Zapier – data synchronization between different parts of a common IT solution
Sherpa RPA – software robots for automating routine processes
Bubble – app builder and database
Stacker – personal user accounts
Criteria for evaluation
What was critical for the final choice:
Ease of entry and use – the last six months, development has fallen on me. My experience in development was very small and managerial. From programming, I generally studied only Basic at school.
Cost of use – for a startup at the Pre-Seed stage, the available investments are always at a minimum, and most of the tools can only be fully used at paid rates.
Completeness of functionality – minimization of the overall stack of IT solutions.
Briefly about the project
Neighborhood Events is a search service for local leisure activities and events in the user’s location.
From the development side, this is a fairly loaded technological information service, which is based on a relational database and a number of user interfaces, both mobile and web.
How we went through the traditional MVP development path
At first, we followed the traditional path for a technology startup:
From idea to product concept development.
We checked what problems we can solve with our product through custom development: we took a series of interviews and surveys of a potential audience.
Researched the market for its potential, players, business models and competitors.
We defined our own product hypotheses and business models.
We developed the first conceptual prototypes in Miro and Figma.
Prepared terms of reference for development and UI/UX design in Sketch.
Developed MVP by a team of developers on React Native (programming environment).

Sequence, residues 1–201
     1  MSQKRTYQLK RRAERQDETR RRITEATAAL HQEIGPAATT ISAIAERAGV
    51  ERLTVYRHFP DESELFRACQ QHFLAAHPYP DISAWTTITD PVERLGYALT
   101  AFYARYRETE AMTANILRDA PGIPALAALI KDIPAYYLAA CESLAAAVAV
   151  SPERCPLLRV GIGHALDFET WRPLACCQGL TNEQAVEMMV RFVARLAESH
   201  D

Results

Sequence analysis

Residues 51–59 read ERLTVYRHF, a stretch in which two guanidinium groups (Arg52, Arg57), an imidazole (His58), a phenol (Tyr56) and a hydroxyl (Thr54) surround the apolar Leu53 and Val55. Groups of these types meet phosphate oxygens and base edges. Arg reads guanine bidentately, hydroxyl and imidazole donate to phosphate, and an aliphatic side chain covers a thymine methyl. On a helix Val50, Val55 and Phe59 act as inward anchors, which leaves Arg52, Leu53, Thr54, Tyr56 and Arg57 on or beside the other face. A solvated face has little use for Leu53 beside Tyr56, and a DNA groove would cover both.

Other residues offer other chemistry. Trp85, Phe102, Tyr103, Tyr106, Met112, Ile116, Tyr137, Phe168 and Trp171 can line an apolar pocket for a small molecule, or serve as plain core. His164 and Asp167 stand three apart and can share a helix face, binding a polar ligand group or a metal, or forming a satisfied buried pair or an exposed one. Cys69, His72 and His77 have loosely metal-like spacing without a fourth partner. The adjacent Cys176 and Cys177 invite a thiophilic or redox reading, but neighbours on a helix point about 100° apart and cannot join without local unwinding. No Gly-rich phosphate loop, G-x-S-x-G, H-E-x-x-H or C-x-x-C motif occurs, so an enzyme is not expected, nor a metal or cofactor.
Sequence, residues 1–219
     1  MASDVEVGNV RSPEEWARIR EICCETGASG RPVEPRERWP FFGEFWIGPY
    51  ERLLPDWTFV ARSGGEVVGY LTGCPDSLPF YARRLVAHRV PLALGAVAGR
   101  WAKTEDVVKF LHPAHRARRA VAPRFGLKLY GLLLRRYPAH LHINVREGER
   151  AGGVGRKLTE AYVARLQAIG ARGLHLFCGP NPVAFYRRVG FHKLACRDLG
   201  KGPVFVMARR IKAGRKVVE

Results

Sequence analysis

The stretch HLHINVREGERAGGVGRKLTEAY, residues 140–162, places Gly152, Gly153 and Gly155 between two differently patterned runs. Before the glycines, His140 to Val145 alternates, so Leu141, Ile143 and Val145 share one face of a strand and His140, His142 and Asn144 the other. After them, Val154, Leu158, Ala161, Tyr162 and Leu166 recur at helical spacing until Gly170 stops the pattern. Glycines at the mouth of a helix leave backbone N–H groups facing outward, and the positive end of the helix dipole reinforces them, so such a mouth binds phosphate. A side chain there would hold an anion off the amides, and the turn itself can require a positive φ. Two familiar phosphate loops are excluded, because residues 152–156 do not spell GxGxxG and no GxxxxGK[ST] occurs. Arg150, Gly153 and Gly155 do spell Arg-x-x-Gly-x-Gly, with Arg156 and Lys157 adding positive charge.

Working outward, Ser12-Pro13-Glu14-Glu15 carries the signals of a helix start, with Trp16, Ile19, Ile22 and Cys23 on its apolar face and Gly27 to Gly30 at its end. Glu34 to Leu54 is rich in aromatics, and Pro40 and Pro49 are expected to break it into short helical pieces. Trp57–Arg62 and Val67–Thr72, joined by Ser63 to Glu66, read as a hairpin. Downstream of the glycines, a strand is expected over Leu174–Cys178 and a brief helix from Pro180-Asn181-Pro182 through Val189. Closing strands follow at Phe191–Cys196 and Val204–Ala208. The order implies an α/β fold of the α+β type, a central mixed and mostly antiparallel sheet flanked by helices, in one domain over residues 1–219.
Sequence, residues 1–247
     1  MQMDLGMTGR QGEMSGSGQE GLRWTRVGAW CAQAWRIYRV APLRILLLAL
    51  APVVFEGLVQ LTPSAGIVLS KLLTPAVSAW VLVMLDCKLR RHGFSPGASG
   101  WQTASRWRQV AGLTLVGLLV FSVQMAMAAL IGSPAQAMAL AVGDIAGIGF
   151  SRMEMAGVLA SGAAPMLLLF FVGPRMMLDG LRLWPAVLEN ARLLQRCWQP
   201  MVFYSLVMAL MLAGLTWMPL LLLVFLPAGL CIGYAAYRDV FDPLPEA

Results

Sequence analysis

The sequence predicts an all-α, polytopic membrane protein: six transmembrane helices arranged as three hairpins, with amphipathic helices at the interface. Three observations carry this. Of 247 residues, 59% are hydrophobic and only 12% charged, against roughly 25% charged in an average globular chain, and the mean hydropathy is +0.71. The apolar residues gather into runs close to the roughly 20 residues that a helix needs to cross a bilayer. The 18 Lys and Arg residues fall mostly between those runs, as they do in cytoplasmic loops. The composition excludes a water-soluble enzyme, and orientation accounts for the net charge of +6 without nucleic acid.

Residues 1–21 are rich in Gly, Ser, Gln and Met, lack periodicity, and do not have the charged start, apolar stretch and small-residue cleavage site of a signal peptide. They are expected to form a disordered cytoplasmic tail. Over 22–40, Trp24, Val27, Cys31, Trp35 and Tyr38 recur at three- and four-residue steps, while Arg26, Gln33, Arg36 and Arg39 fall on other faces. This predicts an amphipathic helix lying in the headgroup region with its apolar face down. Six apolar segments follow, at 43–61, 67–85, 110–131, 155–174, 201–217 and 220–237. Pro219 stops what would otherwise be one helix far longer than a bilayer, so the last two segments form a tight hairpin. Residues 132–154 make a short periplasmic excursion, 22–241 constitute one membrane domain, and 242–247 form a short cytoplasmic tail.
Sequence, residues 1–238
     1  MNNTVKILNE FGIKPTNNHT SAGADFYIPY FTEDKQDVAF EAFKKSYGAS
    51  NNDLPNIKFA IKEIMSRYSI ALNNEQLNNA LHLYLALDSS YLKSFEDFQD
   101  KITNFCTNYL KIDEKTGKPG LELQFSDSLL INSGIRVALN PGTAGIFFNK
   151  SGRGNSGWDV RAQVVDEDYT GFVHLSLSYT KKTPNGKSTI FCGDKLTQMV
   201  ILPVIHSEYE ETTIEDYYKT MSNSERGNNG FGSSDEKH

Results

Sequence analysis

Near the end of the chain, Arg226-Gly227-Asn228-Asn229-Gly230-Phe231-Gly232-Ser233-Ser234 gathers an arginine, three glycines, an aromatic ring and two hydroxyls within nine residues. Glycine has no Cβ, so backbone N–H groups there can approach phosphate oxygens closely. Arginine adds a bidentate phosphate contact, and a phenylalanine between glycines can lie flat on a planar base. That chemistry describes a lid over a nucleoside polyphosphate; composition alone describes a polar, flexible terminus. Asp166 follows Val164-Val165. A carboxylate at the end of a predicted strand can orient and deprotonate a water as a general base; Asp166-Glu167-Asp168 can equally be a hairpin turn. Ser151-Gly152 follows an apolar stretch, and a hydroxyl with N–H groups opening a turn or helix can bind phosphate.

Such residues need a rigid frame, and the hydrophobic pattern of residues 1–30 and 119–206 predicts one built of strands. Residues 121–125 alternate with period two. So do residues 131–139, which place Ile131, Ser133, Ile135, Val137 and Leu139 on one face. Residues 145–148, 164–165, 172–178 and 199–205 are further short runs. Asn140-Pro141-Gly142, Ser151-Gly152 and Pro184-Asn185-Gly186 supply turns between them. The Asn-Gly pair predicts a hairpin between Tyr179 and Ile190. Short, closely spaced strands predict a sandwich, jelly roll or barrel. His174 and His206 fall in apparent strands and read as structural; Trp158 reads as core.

Made the first publication on Google Play.
First version MVP
It took us 7 months to complete these stages and we were already ready to solve a pool of tasks directly related to the pilot launch of the project. But then the first lockdown happened in March 2020, and the whole topic of offline events became irrelevant for a long time, at least to launch a pilot and test the reality of all our key product hypotheses.
From that moment, our throwing began, which led to multiple errors and a waste of time for the development team. We decided to switch to the direction of online events – the topic is close, the products are similar, as it seemed to us at the start of this pivot. But the main thing was the feeling that it was necessary to do it quickly, while the interest around the “online” topic was only maturing, and no one had yet released an intelligent search solution in this niche.
And instead of going through all the points listed above sequentially, we began to do everything in parallel, and some points were skipped or passed superficially. Vanity is always the enemy of the valuable.
They exhausted the development team: they began to change the product on the fly, without a sensible technical specification, using the labor of programmers for experiments.
We immersed ourselves in the topic of online in parallel with the development, and when we finally somehow fully mastered online events, it became obvious that neither the end user nor the author of the events could simplify life with such a product.
Three months later, the race burned out all. We conducted new research on the online events market, which confirmed doubts – it became clear that we needed to return to the original idea of the product.
What has happened so far:
Lost the development team.
Opportunities for investing our own funds have become more modest – we only spent on development and got off lightly: we worked with a friendly development team, and our MVP evaluation was by market, without all subsequent adjustments related to the topic online.